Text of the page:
They [the paintings] originated in the years 1911–14, in one of the loneliest times of my life, during which an agonizing restlessness drove me out onto the streets day and night, which were filled with people and cars.

He often compared his lonely state to that of the cocottes whom he painted, women who provoked desire but remained unloved.

Certainly, the pictures of hard-bitten women trawling in the nighttime city, painted or etched in splintery, distorted shapes, or sketched quickly as “hieroglyphs,” in the artist’s word, appear to convey the shock of a dreamer confronted with the coldness of metropolitan life. They seem a far cry from the idyllic studio settings or nudes-dancing-in-nature pictures of the Dresden period. The colors are more artificial. Even the nudes looks different. The Berlin girls, Kirchner remarked, with their “architectonically constructed, severely formed bodies,” were different from the “soft Saxon physique” of his earlier models.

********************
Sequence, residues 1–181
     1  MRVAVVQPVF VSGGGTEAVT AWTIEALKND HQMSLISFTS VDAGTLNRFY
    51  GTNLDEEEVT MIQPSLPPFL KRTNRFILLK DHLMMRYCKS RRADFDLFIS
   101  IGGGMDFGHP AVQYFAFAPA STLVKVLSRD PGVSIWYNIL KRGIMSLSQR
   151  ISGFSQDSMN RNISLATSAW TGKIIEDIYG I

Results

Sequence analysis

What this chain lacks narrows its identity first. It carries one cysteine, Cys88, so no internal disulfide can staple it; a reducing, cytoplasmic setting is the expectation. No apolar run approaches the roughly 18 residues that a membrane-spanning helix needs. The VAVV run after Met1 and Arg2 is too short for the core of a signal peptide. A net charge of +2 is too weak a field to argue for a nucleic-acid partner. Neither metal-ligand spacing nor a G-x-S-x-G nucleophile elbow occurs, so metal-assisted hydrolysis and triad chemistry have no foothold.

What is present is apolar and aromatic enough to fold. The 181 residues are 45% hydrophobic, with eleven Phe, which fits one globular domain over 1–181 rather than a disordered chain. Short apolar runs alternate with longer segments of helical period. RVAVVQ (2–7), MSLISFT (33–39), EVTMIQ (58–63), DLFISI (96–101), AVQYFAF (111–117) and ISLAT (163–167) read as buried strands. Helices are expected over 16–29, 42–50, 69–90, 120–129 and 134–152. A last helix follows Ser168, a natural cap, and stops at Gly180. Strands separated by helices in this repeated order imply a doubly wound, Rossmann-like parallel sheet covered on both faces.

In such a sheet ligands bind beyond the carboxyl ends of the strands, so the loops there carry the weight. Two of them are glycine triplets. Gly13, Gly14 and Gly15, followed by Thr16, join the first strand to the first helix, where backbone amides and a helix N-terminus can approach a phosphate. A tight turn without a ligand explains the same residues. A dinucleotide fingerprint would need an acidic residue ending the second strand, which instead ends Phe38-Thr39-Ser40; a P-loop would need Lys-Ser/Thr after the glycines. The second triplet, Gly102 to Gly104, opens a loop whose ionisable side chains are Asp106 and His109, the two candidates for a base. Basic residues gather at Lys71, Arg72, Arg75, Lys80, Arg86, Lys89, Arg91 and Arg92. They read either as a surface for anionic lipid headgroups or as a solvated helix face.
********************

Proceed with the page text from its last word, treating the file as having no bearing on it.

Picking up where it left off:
But they are still beautiful. Unlike pictures of similar scenes by Kirchner’s contemporaries, such as Otto Dix or George Grosz, Kirchner’s work is never marked by physical revulsion. The pastel drawings of his girlfriend, a cabaret dancer named Erna Schilling, posing nude in his Berlin studio, are positively loving. But even the two cocottes in Two Women on the Street (1914), described by Deborah Wye as “ugly and threatening in their anonymity,” have an elegance usually absent in the pictures of disgust by Dix or Grosz. The black hats and black war-widow’s veil, typical of wartime hookers, give their elegance a sinister frisson.3 Kirchner’s Berlin streets may be full of loneliness, bad skin, and cynical intentions, but they are never full of hatred, least of all for women.